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Buy locally made art with volunteer hours at Timeraiser

By Lee Pepper on October 3, 2014

A Canadian organization is working to help non-profits make their limited resources go further and to motivate busy people to connect with their communities through volunteering.

Timeraiser events were conceived in 2001 by Simon Foster and Anil Patel of Framework as a way to address these challenges in a fun, engaging way. Timeraiser hosts annual events in cities across Canada that offer volunteers a chance to win art by volunteering with local non-profits. The 7th Ottawa Timeraiser will take place November 8th at the Canadian Museum of History.

Timeraiser engineers a symbiotic relationship whereby artists get money, volunteers get art, and non-profits get volunteers.  Here’s how it works: Timeraiser purchases art from local artists, and attendees bid on the art by pledging to undertake a certain number of volunteer hours in the following year. The person who pledges the most hours gets their piece of art once they complete their volunteer committment.  Local non-profit organizations table at the event to attract volunteers.

And it seems to be working.  Since 2003, Timeraiser has purchased $913,000 worth of art at an average cost of $530 per piece, and generated over 138,000 volunteer hours.

I spoke to Shonagh McCrindle, who pledged 110 hours of volunteer time to win “Slide”, an acrylic painting by Ottawa artist Larry Williams at the 2011 Ottawa Timeraiser.  A Masters of Health Administration student at the University of Ottawa, she completed her volunteer hours at the Wabano Centre for Aboriginal Health, helping out with the centre’s drum circle and their workshops and crafts.  McCrindle found her volunteering experience both personally and professionally rewarding: she learned songs, beading, drumming, drum-making, heard more about Aboriginal cultures in Ottawa and attended a symposium on mental health and addictions. She found that her volunteer committment gave her a sense of community: if she missed a week, people would ask after her.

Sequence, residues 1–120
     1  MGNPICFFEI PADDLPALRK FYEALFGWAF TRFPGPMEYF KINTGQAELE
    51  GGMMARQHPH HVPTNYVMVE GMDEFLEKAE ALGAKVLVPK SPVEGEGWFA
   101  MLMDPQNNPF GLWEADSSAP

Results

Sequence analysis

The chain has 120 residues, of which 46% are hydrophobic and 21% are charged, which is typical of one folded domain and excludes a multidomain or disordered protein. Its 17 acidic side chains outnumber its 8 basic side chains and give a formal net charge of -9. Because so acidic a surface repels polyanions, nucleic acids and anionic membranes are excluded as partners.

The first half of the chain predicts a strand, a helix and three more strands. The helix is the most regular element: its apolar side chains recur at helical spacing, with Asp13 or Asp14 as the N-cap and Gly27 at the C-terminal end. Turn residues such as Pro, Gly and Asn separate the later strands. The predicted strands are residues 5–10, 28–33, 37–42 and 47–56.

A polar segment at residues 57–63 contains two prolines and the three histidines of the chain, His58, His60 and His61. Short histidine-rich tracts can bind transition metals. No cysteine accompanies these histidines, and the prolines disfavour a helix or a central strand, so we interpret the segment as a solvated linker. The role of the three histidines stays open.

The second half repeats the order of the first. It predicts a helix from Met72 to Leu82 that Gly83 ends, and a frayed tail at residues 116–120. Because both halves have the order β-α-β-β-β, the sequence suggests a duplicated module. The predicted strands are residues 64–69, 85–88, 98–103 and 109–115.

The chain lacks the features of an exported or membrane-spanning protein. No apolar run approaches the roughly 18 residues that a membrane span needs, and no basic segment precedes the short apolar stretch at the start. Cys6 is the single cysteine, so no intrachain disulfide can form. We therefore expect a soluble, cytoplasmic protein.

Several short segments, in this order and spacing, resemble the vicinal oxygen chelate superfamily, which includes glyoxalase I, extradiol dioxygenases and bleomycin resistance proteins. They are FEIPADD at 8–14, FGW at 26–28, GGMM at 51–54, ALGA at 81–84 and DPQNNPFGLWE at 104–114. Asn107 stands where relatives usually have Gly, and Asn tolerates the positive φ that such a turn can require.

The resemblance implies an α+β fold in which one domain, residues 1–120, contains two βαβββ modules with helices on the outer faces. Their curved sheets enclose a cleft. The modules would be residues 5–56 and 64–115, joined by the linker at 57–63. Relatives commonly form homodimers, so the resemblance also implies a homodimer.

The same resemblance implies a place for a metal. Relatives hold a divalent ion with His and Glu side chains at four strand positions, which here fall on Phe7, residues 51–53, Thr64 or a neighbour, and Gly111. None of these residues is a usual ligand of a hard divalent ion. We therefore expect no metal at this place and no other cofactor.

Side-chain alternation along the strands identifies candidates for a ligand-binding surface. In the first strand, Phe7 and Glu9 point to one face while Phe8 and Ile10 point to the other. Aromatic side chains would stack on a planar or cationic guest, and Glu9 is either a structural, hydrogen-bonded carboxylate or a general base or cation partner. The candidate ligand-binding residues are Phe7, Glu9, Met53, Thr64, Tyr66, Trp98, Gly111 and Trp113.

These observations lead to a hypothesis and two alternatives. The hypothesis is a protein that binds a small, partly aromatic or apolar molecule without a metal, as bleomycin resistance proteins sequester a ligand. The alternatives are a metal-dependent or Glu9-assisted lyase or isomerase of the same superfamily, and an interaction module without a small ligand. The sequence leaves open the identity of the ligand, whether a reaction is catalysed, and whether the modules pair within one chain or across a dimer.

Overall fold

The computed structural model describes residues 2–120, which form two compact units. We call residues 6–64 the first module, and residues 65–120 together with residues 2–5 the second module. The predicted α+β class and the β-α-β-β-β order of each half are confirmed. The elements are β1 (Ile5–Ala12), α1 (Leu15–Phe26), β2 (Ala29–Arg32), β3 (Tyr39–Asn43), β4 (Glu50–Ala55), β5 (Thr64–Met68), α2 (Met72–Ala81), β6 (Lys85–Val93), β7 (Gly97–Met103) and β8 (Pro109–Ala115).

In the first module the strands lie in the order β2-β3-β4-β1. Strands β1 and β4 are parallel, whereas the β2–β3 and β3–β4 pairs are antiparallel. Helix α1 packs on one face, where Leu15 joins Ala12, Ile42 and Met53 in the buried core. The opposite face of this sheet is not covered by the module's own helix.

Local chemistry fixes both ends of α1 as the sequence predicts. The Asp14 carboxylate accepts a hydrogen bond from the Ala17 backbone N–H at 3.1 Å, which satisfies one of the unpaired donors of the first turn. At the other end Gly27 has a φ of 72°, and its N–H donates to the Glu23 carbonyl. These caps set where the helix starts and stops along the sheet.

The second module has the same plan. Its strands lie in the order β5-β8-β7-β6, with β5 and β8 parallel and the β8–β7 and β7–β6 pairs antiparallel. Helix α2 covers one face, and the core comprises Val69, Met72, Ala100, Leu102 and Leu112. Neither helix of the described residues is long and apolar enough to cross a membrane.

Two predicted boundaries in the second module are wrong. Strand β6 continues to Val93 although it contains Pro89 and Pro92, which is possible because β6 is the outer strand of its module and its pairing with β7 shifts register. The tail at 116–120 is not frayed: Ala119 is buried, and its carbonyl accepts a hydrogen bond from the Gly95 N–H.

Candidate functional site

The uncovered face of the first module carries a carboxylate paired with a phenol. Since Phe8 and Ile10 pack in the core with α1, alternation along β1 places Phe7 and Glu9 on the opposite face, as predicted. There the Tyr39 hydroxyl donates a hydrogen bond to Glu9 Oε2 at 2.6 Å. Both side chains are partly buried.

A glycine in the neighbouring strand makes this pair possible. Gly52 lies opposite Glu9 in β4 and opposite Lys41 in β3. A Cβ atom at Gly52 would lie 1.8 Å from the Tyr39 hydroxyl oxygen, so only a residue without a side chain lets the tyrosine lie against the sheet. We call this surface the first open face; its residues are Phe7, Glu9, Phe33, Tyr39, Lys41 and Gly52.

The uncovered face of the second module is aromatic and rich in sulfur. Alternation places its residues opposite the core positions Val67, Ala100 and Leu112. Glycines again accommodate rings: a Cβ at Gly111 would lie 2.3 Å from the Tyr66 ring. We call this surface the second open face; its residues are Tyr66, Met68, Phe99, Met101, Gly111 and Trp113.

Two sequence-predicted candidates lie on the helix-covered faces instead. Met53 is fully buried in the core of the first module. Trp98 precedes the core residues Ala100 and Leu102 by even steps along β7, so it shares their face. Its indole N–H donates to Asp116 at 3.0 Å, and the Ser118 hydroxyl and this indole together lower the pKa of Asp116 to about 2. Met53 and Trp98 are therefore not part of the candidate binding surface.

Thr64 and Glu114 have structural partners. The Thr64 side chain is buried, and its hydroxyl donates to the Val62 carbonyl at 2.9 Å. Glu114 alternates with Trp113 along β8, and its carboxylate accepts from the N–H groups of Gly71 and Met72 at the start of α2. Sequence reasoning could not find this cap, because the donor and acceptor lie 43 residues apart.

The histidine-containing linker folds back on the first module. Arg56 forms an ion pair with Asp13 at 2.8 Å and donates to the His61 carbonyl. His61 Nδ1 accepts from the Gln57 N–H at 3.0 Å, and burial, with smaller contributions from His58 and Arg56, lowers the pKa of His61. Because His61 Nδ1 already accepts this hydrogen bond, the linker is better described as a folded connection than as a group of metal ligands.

McCrindle recommends Timeraiser as a fun, inexpensive way to meet people and gain a deeper sense of community.

Timeraiser isn’t the only prong in Framework’s mission to make non-profits more effective: they have also developed Sharesies, a platform by which non-profits can share information about things like planning and forecasting, budgeting, and performance management.

In a 2011 interview with the Globe and Mail, Simon Foster, Timeraiser’s co-founder, commented that “the not-for-profit sector is too competitive and we have to reduce that. Framework foundation is working to facilitate a change in attitude through the act of sharing.”

For those who have some time to share, or who are interested in learning more about non-profits in Ottawa, the 7th Ottawa Timeraiser will take place Saturday November 8th, 2014, from 7:00 PM to 10:00 PM, at The Canadian Museum of History (100 Laurier St.).  Early bird tickets are $10 and available through Eventbrite.